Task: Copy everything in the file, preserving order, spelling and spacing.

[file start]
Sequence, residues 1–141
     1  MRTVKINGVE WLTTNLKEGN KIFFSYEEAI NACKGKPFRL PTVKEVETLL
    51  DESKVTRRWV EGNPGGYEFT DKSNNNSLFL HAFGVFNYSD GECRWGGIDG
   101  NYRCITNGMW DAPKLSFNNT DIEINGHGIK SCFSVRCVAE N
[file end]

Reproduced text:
Sequence, residues 1–141
     1  MRTVKINGVE WLTTNLKEGN KIFFSYEEAI NACKGKPFRL PTVKEVETLL
    51  DESKVTRRWV EGNPGGYEFT DKSNNNSLFL HAFGVFNYSD GECRWGGIDG
   101  NYRCITNGMW DAPKLSFNNT DIEINGHGIK SCFSVRCVAE N